Touring in Crete: Mirabello Bay

The island of Pseira from the coast near Platanos at Mirabello Bay, Crete

10th stop: Mirabello Bay

Visiting the islet of Pseira and Ancient Azoria

Mirabello Bay is an embayment of the Sea of Crete on the eastern part of Crete in present day Greece. This area was important in prehistoric settlements of the island of Crete.

The coast of Mirabello Bay was noted for its role in the copper metallurgy development in the period around 3000 BC. In the Late Minoan period, cities on high ground overlooking Mirabello Bay were founded as cities of refuge, including Karphi. Later in the Dorian Invasion, settlement occurred of other hilltop cities overlooking Mirabello Bay; an example of this phase of settlement was the city of Lato.

Pseira Islet

View of Azoria from the Kastro with the Kavousi plain and Bay of Mirabello, with the island of Pseira, in the backgroundPseira is an islet in the Gulf of Mirabello with the archaeological remains of Minoan and Mycenean civilisation.
Archaeological materials in this seaport, sited above its harbor, to which it was connected by cliffside stairs, span the period from the end of the Neolithic in the 4th millennium to the Late Bronze Age, with the cultural peak being Early Minoan to Late Minoan 1B. At that time the prosperous town of some 60 buildings was ranged round its open square (plateia), with a single large building that occupied one side.
Like many contemporary Late Minoan 1B sites, it was violently destroyed, ca 1550–1450 BC.
A remnant of its population cleared spaces in the rubble and for a time continued to dwell in the ruined town.

5 Seals—impressions (Minoan civilization)A Minoan seal-stone from the site representing a ship is a reminder that the harbour was essential. The Minoan community at Pseira supported itself by fishing and subsistence agriculture. They deeply tilled and terraced agricultural sites where they manured the thin limy soil with human waste from the settlement. They did not enclose their planting sites, a sign that goats did not roam free in Minoan Pseira; neither were pigs kept. Dams collected seasonal run-off, for water was scarce on the island, though the Aegean region was less dry in the second millennium BC than now.

Azoria

View of Azoria from Southwest, CreteAzoria is an archaeological site on a double-peaked hill overlooking the Gulf of Mirabello in eastern Crete in the Greek Aegean. “Azoria” is a local toponym, not apparently an ancient place name or epigraphically-attested Greek city.
Located about 1 km southeast of the modern village of Kavousi, and 3 km from the sea, the site occupies a topographically strategic position (ca. 365 meters above sea level) between the north Isthmus of Ierapetra and the Siteia Mountains.

Monumental Civic Building at Azoria, CreteBlack-figure skyphos, drinking cup, from a kitchen in the Service Building, Azoria, CreteAltar in the Archaic Shrine of the Monumental Civic Building, Azoria, Crete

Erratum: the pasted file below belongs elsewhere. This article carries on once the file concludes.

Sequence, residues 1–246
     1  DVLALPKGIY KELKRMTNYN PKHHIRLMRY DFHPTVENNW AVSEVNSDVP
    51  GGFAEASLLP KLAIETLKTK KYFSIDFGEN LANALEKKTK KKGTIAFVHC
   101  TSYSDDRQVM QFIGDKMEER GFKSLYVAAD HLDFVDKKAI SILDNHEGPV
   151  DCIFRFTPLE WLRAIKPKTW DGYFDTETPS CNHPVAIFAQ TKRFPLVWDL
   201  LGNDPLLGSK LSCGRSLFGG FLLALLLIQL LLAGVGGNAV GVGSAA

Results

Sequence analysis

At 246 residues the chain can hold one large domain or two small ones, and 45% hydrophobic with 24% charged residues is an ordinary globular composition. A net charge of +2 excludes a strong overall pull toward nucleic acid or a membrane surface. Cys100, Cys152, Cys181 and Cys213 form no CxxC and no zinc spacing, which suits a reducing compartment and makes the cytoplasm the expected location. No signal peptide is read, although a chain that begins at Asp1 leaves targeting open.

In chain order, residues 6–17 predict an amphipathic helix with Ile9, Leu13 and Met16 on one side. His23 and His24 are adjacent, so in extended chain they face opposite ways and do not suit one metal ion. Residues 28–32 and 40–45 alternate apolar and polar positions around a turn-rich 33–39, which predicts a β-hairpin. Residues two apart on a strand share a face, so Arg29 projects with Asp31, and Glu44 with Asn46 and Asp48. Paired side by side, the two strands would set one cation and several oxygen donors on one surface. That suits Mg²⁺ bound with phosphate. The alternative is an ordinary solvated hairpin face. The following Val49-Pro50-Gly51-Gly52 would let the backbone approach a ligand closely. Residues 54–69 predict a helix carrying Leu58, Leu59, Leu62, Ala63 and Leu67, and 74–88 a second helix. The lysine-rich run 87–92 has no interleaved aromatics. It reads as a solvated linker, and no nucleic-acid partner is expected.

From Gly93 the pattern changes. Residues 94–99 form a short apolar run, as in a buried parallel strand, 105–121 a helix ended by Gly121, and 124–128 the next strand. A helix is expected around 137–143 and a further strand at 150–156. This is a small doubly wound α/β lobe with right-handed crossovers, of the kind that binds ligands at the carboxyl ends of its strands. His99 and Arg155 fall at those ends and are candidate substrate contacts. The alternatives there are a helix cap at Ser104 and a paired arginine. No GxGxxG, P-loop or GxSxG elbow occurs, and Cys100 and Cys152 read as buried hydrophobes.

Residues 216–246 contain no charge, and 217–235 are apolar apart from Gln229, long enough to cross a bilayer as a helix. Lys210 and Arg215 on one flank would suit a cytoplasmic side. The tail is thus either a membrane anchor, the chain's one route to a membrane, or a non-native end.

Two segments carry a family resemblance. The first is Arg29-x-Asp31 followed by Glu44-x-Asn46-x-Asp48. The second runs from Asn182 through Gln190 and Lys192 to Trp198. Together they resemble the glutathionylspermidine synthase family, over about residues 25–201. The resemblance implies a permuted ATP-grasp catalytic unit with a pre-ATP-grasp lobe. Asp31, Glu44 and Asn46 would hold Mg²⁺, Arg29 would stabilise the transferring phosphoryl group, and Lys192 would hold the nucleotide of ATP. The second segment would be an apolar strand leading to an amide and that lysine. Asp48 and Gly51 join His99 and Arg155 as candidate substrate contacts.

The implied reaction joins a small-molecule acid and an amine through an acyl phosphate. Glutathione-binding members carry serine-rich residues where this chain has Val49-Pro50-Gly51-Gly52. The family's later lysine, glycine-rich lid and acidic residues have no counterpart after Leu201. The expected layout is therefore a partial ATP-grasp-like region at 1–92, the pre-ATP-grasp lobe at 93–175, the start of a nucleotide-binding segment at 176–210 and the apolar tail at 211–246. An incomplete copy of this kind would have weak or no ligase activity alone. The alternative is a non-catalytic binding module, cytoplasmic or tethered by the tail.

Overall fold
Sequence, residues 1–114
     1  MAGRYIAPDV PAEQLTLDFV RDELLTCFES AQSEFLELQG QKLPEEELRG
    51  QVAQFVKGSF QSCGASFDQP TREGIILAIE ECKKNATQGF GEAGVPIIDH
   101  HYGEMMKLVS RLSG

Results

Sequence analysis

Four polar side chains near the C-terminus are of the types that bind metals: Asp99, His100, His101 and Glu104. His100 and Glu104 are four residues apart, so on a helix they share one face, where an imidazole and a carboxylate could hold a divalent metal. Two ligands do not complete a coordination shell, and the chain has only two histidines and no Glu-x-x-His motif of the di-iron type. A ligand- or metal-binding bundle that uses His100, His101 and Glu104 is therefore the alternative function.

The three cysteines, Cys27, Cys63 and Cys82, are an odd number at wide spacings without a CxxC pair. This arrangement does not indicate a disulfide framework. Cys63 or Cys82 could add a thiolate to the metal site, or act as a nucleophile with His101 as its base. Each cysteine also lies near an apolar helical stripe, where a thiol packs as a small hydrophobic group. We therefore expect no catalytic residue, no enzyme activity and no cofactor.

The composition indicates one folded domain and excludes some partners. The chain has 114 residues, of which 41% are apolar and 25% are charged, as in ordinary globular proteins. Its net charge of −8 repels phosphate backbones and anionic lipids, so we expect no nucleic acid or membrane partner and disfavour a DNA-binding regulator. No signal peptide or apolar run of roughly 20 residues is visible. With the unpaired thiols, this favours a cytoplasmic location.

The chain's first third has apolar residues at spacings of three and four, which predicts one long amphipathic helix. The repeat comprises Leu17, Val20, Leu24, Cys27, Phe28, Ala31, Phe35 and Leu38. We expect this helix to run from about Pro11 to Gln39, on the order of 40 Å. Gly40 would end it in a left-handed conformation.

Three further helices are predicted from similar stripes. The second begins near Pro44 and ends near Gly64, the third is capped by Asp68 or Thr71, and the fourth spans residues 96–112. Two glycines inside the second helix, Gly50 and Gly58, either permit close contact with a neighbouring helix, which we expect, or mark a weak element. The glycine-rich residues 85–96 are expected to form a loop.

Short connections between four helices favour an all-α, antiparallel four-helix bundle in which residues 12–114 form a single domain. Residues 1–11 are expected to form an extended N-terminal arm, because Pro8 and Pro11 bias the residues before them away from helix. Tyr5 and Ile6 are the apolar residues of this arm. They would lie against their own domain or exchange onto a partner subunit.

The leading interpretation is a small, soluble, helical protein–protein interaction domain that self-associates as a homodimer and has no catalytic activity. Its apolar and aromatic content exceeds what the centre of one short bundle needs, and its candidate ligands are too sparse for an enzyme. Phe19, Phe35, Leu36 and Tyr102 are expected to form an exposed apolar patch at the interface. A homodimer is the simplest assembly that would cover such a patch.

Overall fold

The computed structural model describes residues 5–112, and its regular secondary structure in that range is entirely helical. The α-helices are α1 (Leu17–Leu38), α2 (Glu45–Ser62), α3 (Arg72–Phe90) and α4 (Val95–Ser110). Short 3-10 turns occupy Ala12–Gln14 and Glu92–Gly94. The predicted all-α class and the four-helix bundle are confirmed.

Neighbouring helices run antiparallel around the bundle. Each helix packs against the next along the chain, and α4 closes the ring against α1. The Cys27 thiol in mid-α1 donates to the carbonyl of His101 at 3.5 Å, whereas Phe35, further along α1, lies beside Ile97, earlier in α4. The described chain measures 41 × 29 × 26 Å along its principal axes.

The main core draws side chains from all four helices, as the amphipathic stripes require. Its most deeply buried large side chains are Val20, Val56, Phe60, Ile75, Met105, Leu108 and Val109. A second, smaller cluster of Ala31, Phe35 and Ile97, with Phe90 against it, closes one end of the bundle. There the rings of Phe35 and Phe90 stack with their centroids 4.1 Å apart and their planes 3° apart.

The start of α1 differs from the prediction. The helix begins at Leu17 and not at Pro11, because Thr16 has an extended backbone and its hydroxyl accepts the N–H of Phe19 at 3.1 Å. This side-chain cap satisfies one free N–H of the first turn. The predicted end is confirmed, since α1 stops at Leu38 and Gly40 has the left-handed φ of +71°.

The Azoria Project excavations have recovered evidence of an Archaic Greek city, established ca. 600 B.C., following a long period of continuous occupation throughout the Early Iron Age or Greek Dark Age (1200-700 B.C.) and Early Archaic (700-600 B.C.) (or Orientalizing) periods. The city was destroyed by fire early in the 5th century B.C., to be subsequently reoccupied on a limited scale ca. 200 B.C.

Votive Terracotta figurines from the altar of Archaic Shrine at Azoria, CreteDestruction (early 5th c. B.C.) deposit in a kitchen (B1500) of the Service Building, Azoria, CreteProtogeometric krater from the kitchen of the Archaic Shrine, Azoria, Crete

 

The shrine of the Monumental Civic Building is equipped with a curbed hearth and altar on which were found a variety of terracotta votive female figurines (stylistically dated to 8th and 7th centuries B.C.), votive stands and vessels, and food offerings. The finds from the main hall of the Monumental Civic Building—roasted leg joints of sheep and goat; chick peas and legumes (found preserved in pots on the floor); drinking and dining wares; stone kernoi (offering tables) carved into the top step of the bench, and a Minoan-style kernos lying face down on top of the bench—indicate that it was used for public banquets and formal cult activities; it may have had ceremonial functions similar to those associated with magistrates’ buildings (prytaneion) commonly identified in Greek city-states such as the neighboring poleis of Lato and Dreros.

External links

First Minoan Shipwreck
Archaeology Volume 63 Number 1, January/February 2010

Pseira and Minoan sea-trade

Excavations at Pseira:
The Evidence for The Theran Eruption

Ancient Cretan Diet
Excavations at Azoria, Crete, reveal a 3,000-year-old diet and its surprising connection to early Greek city life. Research undertaken by archaeologist Donald C. Haggis of the University of North Carolina.

Crete’s Culinary Sanctuaries
Interactive Educational Programs in Crete, Greece
Seminar Schedule 2012


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